From Downhill Strand, the sight of Mussenden Temple teetering on a blustery cliff edge is an incongruous one – the circular neo-classical building more at home in sun-kissed Rome than Northern Ireland’s wild Causeway Coast.


At its base, trains thunder out of the tunnel to hug the beach before veering away from Magilligan Point to follow the River Foyle into Londonderry.

Enjoy a day out in Downhill, Country Derry with our travel guide.

Coast line, Getty
Benone Beach ©Getty

Downhill and Benone beaches stretch seven glorious miles to Magilligan Point. Here, the wind throws the body off-kilter, stings the lips with its spume-blown salt and fills the ears with the roar of the Atlantic. With waves reaching upwards of five and six feet, it’s a place to surf or walk, not sunbathe.

You can warm up at the hipster-chic Sea Shed with a coffee before continuing along broad sands backed by hills, basalt cliffs and extensive dune systems – including Umbra Nature Reserve with its waterfall and wild orchids. Walking westwards, you can see the weather roll in from Binevenagh Mountain; great billowing black clouds one minute and watery sunshine the next. On clear days, views extend over the Atlantic as far as Islay and Jura in Scotland and, if lucky, you might glimpse a pod of whales or porpoises tumbling through the waves.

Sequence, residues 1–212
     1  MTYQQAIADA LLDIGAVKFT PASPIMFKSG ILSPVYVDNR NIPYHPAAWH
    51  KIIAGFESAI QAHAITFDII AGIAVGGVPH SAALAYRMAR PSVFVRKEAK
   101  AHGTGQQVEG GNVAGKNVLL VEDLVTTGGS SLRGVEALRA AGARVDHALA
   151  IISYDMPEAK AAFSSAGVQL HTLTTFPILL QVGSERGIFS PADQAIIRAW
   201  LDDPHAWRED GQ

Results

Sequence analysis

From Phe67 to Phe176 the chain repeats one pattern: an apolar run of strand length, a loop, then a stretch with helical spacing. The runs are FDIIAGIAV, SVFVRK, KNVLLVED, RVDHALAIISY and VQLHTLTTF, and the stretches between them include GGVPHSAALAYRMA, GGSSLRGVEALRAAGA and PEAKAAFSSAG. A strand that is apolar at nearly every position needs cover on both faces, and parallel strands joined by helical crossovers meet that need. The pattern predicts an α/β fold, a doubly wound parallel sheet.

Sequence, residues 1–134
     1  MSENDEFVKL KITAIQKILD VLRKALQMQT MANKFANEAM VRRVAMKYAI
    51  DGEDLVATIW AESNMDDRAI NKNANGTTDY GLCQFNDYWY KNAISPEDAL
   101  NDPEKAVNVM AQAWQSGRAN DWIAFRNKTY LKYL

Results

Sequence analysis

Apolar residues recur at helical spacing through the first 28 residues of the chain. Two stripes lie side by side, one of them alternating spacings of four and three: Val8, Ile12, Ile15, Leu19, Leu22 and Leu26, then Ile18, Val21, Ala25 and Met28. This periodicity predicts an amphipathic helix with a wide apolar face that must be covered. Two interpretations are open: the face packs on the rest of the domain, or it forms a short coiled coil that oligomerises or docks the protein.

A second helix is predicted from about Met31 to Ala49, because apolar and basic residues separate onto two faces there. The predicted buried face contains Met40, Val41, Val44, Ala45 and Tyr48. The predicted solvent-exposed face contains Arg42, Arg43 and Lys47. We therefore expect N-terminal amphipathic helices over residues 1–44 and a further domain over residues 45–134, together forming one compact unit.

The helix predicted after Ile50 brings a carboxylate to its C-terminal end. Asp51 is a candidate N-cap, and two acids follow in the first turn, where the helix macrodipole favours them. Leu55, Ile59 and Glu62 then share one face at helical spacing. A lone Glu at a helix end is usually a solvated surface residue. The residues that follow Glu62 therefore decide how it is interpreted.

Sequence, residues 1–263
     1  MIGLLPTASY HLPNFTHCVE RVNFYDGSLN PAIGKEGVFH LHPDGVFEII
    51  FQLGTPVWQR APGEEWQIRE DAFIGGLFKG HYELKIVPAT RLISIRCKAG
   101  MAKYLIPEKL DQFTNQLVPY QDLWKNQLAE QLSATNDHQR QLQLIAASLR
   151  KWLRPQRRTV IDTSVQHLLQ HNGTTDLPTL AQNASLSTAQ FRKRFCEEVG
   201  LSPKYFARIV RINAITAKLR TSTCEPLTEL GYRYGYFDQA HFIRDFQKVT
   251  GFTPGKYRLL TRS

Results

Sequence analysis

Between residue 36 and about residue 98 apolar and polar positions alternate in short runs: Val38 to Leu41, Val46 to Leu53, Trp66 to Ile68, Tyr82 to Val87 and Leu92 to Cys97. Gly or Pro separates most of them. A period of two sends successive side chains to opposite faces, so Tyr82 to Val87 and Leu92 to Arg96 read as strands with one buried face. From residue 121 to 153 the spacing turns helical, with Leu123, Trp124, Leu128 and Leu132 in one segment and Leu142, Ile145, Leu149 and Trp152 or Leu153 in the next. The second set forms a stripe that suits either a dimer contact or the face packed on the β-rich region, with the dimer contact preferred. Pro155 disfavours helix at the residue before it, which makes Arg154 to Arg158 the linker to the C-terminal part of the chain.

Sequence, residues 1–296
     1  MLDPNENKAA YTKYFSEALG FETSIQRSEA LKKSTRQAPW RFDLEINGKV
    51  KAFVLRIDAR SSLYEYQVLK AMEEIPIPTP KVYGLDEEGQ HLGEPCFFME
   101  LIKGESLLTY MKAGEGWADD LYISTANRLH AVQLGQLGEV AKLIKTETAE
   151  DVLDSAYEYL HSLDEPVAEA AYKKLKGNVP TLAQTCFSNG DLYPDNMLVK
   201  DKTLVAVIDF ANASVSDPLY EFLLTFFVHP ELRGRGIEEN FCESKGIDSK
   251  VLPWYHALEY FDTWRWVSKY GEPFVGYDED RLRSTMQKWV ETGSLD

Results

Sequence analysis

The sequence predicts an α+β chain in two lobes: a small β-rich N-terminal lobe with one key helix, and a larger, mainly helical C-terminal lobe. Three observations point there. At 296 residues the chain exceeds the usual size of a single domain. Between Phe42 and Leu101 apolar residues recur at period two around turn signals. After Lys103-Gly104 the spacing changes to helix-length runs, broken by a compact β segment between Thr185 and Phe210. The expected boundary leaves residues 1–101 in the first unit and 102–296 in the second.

Sea, Getty
Wave lap over the sand of Benone Beach ©Getty

The tempest’s roar

The beach hooks the point before coming to a full stop at the little harbour of Magilligan where the ferry crosses the Foyle mouth to Inishowen Peninsula in Donegal. It’s a bird-lover’s paradise of meadow pipits, pied wagtails and ringed plovers in the dunes, and oystercatchers, cormorants and divers on the shore. The 1812 Martello Tower echoes the curve of Magilligan Point, a sturdy fortress emulated across the UK mainland during the Napoleonic Wars.

Ringed Plover (Charadrius hiaticula)

Ringed plover ©Getty
Back at Downhill, walk up through the cutting to Downhill Demesne, the 18th-century country residence of the twin-titled Earl of Bristol and Bishop of Derry. The Lion’s Gate and long avenue herald the palatial ruins on the skyline, but it’s the Mussenden Temple that steals the show. Beneath the Earl Bishop’s summer library, built in the style of the Temple of Vesta in Italy, the cliff drops to the shore like a plumb line. Take in the sweep of Benone and the pound of the Atlantic as you appreciate the words inscribed around the temple: ‘‘Tis pleasant, safely to behold, from shore, the rolling ship and hear the tempest roar.


Helen Moat
Helen MoatTravel and nature writer

Helen is the author of Slow Travel The Peak District, Bradt and A Time of Birds, Saraband, a memoir and travelogue describing her journey across Europe to Istanbul on her sit-up-and-beg bike.